The Biggest Casino Heists in History (Part 1)

Crown Casino With a Blackjack Background

Casinos are in the business of cash.

It’s simple.

They almost always have the house edge, which means that gamblers are working with odds that aren’t in their favor.

Since the house almost always wins, there is a lot of money (cash or other currency forms like bitcoin and gold) in their vaults. This also means that some thief is looking for an easier, softer way to win it big.

There are a lot of casino movies about robbing, crooks, and big dreams.

The Oceans 11 movie franchise is built on this dream.

Just in case you’ve been stranded on an island since the first Oceans 11 movie came out, here’s the plot:

  • 2 high rollers (played by George Clooney and Brad Pitt) build a team of criminals.
  • They plan to rip off all the money in the casino (Bellagio in Las Vegas) and win back Clooney’s love interest, Julia Roberts.

Casino robberies have been romanticized by Western culture. Rarely do the thieves get away. When they do, it’s not for long.

In this post, I’m going to tell you about the biggest (moneywise) heist in history and the most expensive drink ever sold.

This true story is an example of human faults, betrayal, and not knowing when to call it quits.

The Crown Casino Never Saw It Coming

In 2013, the Crown Casino in Melbourne Australia was swindled out of 33 million dollars (USD). I wish that there was more information on the internet about this, but the casino didn’t even report it to the local police.

You read that correctly.

The casino and its management didn’t report the biggest casino heist in history to the local police.

We’ll get into my theory why later.

A New Zealand businessman was invited to play at the casino’s high roller room. He had been a previous customer.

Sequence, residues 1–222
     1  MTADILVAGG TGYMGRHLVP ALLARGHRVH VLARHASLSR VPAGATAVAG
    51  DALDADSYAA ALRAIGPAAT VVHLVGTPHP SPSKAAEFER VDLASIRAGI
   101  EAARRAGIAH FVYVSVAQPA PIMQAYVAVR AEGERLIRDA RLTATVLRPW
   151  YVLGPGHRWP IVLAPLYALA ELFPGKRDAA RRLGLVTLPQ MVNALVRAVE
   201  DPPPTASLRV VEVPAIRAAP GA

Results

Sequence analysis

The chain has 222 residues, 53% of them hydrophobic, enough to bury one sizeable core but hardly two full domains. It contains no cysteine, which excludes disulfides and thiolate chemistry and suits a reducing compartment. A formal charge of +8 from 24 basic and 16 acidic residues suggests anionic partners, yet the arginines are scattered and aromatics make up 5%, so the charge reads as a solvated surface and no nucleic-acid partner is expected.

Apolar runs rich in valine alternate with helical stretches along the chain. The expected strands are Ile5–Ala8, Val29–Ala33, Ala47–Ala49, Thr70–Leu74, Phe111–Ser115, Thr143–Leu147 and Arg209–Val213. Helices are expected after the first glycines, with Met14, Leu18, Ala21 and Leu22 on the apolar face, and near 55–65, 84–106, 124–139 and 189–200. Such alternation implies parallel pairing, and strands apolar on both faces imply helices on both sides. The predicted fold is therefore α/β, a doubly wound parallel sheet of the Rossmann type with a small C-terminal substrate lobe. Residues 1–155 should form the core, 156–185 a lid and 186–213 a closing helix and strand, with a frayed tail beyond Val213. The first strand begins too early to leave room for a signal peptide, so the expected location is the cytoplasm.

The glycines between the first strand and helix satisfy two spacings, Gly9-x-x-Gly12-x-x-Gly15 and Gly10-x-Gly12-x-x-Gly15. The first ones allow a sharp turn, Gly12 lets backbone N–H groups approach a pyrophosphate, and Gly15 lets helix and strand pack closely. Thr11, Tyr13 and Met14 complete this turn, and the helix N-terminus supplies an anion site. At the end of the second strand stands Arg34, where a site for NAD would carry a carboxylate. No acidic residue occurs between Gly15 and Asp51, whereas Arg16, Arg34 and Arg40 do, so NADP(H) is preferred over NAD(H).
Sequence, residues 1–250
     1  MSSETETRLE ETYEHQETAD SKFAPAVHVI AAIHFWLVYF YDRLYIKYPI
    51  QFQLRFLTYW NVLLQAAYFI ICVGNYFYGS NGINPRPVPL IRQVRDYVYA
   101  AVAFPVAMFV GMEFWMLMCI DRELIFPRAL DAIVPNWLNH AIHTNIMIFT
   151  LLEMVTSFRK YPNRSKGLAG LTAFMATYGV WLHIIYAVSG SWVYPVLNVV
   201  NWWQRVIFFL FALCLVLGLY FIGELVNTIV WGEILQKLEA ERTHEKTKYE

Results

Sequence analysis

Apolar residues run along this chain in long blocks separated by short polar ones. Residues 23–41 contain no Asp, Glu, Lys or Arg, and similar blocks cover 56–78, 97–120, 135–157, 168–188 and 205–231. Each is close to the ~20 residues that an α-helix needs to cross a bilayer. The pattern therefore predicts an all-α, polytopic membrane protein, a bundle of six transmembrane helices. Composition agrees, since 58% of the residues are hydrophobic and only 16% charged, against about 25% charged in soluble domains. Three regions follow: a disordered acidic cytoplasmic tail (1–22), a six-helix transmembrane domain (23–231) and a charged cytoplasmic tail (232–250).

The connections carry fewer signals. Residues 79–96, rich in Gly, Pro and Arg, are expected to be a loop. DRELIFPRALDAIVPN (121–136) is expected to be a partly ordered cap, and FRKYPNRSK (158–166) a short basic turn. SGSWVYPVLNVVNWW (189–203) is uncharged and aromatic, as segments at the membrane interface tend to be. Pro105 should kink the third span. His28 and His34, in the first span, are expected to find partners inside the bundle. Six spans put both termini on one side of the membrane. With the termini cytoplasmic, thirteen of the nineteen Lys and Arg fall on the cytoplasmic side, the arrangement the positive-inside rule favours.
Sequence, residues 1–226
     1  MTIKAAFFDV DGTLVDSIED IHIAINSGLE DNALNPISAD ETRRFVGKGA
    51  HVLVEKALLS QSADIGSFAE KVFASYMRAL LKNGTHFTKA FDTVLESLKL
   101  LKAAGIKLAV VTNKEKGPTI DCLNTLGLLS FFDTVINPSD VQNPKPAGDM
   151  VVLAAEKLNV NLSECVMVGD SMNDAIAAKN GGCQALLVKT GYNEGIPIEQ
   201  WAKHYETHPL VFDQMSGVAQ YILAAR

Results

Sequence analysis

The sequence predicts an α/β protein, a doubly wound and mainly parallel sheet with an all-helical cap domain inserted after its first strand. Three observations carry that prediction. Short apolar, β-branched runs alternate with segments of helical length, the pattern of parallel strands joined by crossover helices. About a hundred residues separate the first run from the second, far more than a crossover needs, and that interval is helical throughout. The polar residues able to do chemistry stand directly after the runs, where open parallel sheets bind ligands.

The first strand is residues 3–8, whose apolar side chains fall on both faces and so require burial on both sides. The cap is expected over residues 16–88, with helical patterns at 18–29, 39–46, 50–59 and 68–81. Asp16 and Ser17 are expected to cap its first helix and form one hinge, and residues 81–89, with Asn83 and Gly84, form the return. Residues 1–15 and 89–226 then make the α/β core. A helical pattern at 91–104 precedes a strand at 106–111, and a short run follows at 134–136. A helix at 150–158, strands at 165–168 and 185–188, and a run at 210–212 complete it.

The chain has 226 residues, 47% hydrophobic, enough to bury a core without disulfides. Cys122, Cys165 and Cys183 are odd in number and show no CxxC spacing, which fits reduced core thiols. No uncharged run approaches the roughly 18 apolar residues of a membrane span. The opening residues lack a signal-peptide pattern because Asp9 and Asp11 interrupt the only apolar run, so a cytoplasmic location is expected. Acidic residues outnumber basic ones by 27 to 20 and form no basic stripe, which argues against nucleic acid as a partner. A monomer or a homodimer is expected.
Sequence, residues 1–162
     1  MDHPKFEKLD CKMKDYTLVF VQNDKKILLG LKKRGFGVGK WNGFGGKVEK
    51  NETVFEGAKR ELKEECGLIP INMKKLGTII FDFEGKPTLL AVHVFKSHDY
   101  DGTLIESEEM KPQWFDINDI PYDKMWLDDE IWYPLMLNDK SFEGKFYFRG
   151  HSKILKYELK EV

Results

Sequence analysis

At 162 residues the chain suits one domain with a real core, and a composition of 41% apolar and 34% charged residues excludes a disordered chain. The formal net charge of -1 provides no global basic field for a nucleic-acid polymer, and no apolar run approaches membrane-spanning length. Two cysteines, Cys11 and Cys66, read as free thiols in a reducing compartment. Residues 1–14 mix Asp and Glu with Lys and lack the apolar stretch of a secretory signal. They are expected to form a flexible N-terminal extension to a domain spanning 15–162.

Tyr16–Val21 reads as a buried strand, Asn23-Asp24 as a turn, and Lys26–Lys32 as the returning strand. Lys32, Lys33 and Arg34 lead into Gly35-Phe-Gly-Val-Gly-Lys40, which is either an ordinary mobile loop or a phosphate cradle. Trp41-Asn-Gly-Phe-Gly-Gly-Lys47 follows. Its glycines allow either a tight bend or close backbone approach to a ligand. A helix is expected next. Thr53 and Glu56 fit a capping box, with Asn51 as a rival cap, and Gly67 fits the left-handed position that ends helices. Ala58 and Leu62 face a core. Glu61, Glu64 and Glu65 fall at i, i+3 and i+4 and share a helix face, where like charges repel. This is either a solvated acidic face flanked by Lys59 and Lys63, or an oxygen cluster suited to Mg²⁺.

Crown Casino Fire Show

Much like American casinos, the Crown caters to the high roller players. Bigger bets almost always equal bigger losses. This means more money in the vault. You get the idea.

The businessman, millionaire James Manning, played 8 winning hands of blackjack to win a total of 32,000,000 Australian dollars (33 million USD). This tipped off the Crown Casino’s security.

It turns out that the VIP services manager had recruited Manning to come play in their high roller room that week. Manning was also scheduled to star in a record-setting event when he would buy “The Winston,” the most expensive drink in the world.

The Guinness Book of World Records would be there to record the purchase. The casino’s bar, Club 23, was gearing up for the event and the record being set by the bar.

How Did This Happen?

This heist is reminiscent of the Ocean’s 11 original film. There is hacking, behind the scenes treason, and even a PR nightmare.

This is how it all went down:

  • Manning and the VIP services manager worked ahead of time to hack into the casino’s security camera system. According to some tech experts, this is not a hard task.
  • Now that they have access to the high-resolution camera across the casino, they can see everything they need to put Manning in a winning player position in the high roller room.
  • The VIP services manager is also supposed to be involved in a $12,500 cognac drink launch. We will talk about that later.
  • Manning checks into the casino with his family into a VIP villa. This will become the home base of the largest casino heist in history.
  • James plays the eight winning hands with the help of the hacked security cameras and signaling from the VIP services manager.
  • Casino security is starting to get curious. The Crown’s security team realizes it’s their own VIP services manager that is signaling to Manning how to win each of the hands.
  • Manning leaves the casino floor with the biggest win in the casino’s history.
  • Manning carries on as if nothing is out of place.
  • In the middle of the night, the Crown security team discovers the heist and evicts Manning from the property. Here’s the kicker: Manning had not transferred the winning money (USD 33,000,000) to his personal account.
  • Considering the money had not left the casino’s vault, they decided to not press charges. What they did do was expel him from the property, file a no-trespass order, and cancel the drink event.
  • The casino didn’t contact local police as the money was still “in house.” Unfathomable, right?

Let’s Drink About It – The World’s Most Expensive Drink

Let’s talk about that expensive cognac drink. Manning was scheduled to buy the world’s most expensive drink. The goal was a PR event to set a world record for the most expensive drink.

What’s in a $12,500 drink?